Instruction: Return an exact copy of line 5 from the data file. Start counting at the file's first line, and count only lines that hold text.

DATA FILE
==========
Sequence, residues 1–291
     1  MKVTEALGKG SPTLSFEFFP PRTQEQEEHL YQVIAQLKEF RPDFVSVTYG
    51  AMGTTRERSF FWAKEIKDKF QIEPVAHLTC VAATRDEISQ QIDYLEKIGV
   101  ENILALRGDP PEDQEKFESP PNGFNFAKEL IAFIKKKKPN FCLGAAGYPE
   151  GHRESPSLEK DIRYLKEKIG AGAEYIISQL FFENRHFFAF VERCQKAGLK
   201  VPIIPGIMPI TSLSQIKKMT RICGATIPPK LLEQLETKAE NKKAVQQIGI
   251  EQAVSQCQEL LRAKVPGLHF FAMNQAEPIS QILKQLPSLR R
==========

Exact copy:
   151  GHRESPSLEK DIRYLKEKIG AGAEYIISQL FFENRHFFAF VERCQKAGLK